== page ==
Black Gold: U.S. States Where Oil Is King

This article was written by Oilprice.com -- the leading provider of energy news in the world. Also check out this recent article:

The U.S. has succeeded in lifting its oil production to over 8 million barrels per day, the highest levels in decades. But where exactly is all that oil coming from?

The answer for the last several years has been the Bakken field in North Dakota and the Eagle Ford in Texas. Those two regions are principally responsible for the surge in oil production.

But in April 2014, North Dakota surpassed the 1 million barrel per day mark -- a milestone for a state that was producing fewer than 200,000 barrels per day just five years ago.

Texas has always loomed large in the U.S. oil production picture. The Eagle Ford and Permian basins are the main sources of production growth, lifting the state's oil output from just over 1 million barrels per day in 2009 to 2.9 million barrels per day in March 2014. The Lone Star state now accounts for more than one-third of America's daily total production.  

Sources of US Crude Oil Production
Source: Energy Information Administration

Texas and North Dakota get most of the attention, but Americans might be surprised by other major domestic sources of oil.

After Texas, the most oil comes out of federally owned waters in the Gulf of Mexico. The 1.3 million bpd from the Gulf accounts for over 16 percent of U.S. production. But despite the enormous output, we hear very little about the Gulf. Perhaps that's because, aside from the occasional disaster (see: Deepwater Horizon), offshore drilling is largely out of the public eye. There is no haggling over land leases, truck traffic, noise, or other side-effects of land-based operations.

Taken together, Texas, North Dakota, and the Gulf of Mexico account for two-thirds of U.S. oil production.

There are other surprising facts hidden in Energy Information Administration data, such as Alaska's contribution to the country's total level of oil production.

Alaska's economy is largely dependent on oil, it has long been a main source of oil, and its elected officials are overwhelmingly supportive of the oil industry. The state government just passed a massive tax cut for the oil industry to encourage more drilling. It is therefore not unfair to say that Alaska displays qualities of a petro-state.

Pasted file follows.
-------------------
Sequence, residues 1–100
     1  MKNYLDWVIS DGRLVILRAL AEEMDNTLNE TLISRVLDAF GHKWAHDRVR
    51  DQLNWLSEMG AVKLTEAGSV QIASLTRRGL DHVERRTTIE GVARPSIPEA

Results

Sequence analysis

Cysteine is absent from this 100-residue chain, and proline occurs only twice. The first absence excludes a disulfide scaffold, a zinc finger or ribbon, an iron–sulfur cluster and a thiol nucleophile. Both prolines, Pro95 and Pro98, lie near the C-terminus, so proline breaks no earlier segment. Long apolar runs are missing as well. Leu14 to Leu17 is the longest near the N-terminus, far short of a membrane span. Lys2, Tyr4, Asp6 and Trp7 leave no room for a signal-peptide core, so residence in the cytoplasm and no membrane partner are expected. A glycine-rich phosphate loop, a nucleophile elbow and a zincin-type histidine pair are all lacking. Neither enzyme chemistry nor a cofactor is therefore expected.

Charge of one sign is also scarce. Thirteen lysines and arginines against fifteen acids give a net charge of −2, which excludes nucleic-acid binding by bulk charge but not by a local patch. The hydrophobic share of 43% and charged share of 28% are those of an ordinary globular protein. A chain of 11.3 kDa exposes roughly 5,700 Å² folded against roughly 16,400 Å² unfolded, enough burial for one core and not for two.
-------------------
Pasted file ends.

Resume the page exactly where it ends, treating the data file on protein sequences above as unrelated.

The data tells a different story: Alaska only produces 530,000 barrels per day, less than one-fifth of Texas' daily output. That wasn't always the case. Alaska produced over 2 million barrels per day back in the early 1990s, but its aging fields are in decline. Its image as an oil powerhouse is becoming increasingly detached from reality.

California's role may also surprise some people. The West Coast haven for tree-huggers is the nation's third largest oil producer, ahead of Alaska with 560,000 barrels per day. Like Alaska, California's fields have also been in decline – back in the 1980's, California churned out over 1 million barrels per day, double today's rate.

(California thought it was on the verge of a new oil boom, but the recent 96 percent downgrade of the state's recoverable oil reserves dashed those hopes.)

Looking forward, where will U.S. oil come from? Barring an unexpected discovery, today's leaders -- Texas, North Dakota, and the Gulf of Mexico – will be tomorrow's, too.

Do you know this energy tax "loophole"?
You already know record oil and natural gas production is changing the lives of millions of Americans. But what you probably haven't heard is that the IRS is encouraging investors to support our growing energy renaissance, offering you a tax loophole to invest in some of America's greatest energy companies. Take advantage of this profitable opportunity by grabbing your brand-new special report, "The IRS Is Daring You to Make This Investment Now!," and you'll learn about the simple strategy to take advantage of a little-known IRS rule. Don't miss out on advice that could help you cut taxes for decades to come. Click here to learn more.

 


Read/Post Comments (0) | Recommend This Article (5)

Comments from our Foolish Readers

Help us keep this a respectfully Foolish area! This is a place for our readers to discuss, debate, and learn more about the Foolish investing topic you read about above. Help us keep it clean and safe. If you believe a comment is abusive or otherwise violates our Fool's Rules, please report it via the Report this Comment Report this Comment icon found on every comment.

Be the first one to comment on this article.

DocumentId: 3012644, ~/Articles/ArticleHandler.aspx, 7/31/2014 8:31:22 AM

Report This Comment

Use this area to report a comment that you believe is in violation of the community guidelines. Our team will review the entry and take any appropriate action.

Sending report...


Advertisement